Muslim and Western nations overcame deep divisions to agree on a landmark United Nations code to combat violence against women and girls.
Iran, Libya, Sudan and other Muslim nations ended threats to block the declaration and agreed to language stating that violence against women could not be justified by "any custom, tradition or religious consideration."
Western nations, particularly from Scandinavia, toned down demands for references to gay rights and sexual health rights to secure the accord after two weeks of tense negotiations between the 193 UN member states.
Some 6,000 non-government groups were in New York for the Commission on the Status of Women meeting. Cheers and wild applause erupted when the accord was announced in the UN headquarters late Friday.
Michelle Bachelet, executive director of UN Women, said it had been an "historic" meeting. It was announced straight after that Bachelet would be leaving her post to return to Chile.
"People worldwide expected action, and we didn't fail them. Yes -- we did it," Bachelet said.
UN leader Ban Ki-Moon said UN members had committed "to take action to prevent violence and provide justice and services to survivors" of violence against women, which he called a "global menace" and "moral outrage."
Iran, the Vatican and Russia and other Muslim states had formed what some diplomats had called "an unholy alliance" to weaken a statement calling for tough global standards on violence against women and girls.
They had objected to references to abortion rights and language suggesting that rape includes forcible behavior by a woman's husband or partner.
Egypt's Muslim Brotherhood had called the proposed UN document un-Islamic and warned it would lead to the "complete degradation of society."
But the chief Egyptian official at the meeting, Mervat Tallawy, head of the country's National Women's Council, backed the accord. She said the declaration was needed to counter "a global wave of conservatism, of repression against women."
With Norway and Denmark leading a European alliance with North America calling for tough language, right up to the final hours it had appeared that the meeting could end without an accord.
The last attempt by the UN commission to agree a declaration on violence against women in 2003 ended in failure.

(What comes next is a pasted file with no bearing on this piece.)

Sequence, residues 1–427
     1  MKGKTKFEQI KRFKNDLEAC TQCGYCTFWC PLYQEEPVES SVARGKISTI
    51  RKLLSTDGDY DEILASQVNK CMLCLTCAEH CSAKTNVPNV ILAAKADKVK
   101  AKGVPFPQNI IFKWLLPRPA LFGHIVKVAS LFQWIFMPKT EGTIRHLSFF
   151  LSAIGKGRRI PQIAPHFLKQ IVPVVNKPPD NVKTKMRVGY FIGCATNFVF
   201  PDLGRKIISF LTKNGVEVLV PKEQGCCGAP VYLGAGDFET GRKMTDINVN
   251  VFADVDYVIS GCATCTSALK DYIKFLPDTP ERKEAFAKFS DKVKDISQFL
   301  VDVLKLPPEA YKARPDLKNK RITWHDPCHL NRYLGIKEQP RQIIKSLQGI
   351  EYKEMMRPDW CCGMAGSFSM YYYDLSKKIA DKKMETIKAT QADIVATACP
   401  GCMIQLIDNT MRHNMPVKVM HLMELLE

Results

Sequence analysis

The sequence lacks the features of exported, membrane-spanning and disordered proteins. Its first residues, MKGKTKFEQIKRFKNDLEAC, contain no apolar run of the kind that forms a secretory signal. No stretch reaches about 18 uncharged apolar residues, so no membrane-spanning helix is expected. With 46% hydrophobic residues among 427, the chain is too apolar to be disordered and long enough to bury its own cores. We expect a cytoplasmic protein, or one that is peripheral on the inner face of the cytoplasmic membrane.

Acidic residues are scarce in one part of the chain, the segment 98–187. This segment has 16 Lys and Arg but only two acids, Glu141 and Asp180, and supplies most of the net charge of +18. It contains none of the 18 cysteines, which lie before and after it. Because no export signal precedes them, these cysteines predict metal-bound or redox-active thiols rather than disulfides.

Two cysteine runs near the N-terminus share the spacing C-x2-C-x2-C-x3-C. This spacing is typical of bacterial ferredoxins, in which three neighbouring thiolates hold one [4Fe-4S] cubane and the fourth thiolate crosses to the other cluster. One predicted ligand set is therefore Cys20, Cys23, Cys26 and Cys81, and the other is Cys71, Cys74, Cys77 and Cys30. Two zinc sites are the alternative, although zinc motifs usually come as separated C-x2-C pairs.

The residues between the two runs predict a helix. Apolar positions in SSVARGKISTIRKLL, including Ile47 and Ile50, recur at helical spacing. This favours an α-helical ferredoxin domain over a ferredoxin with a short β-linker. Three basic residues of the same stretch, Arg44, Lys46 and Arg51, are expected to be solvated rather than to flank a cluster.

"The commission urges states to strongly condemn all forms of violence against women and girls and to refrain from invoking any custom, tradition or religious consideration to avoid their obligations with respect to its elimination," said the declaration.
It added that states should "devote particular attention to abolishing practices and legislation that discriminate against women and girls, or perpetuate and condone violence against them."
Countries should "address and eliminate as a matter of priority domestic violence," went on the declaration.
The conference had been made more emotive by the Taliban attack in October on 15-year-old Malala Yousafzai for her promotion of girls' education in Pakistan and widely publicized gang rapes in India and South Africa.
The United States welcomed the accord. It was an important first step to ensure that women and girls "live productive and safe lives, free from the scourge of violence and abuse," senior US envoy Terri Robl told the meeting.
But she added that "some important aspects" were omitted from the document and the United States believes the declaration should have clearly stated that it applied to lesbian women. "We regret that some delegations prevented this recognition explicitly," Robl said.
Germany's UN ambassador Peter Wittig said the document was "balanced and strong." Wittig tweeted that the declaration "sends a much needed message to the women around the world: your rights are crucial."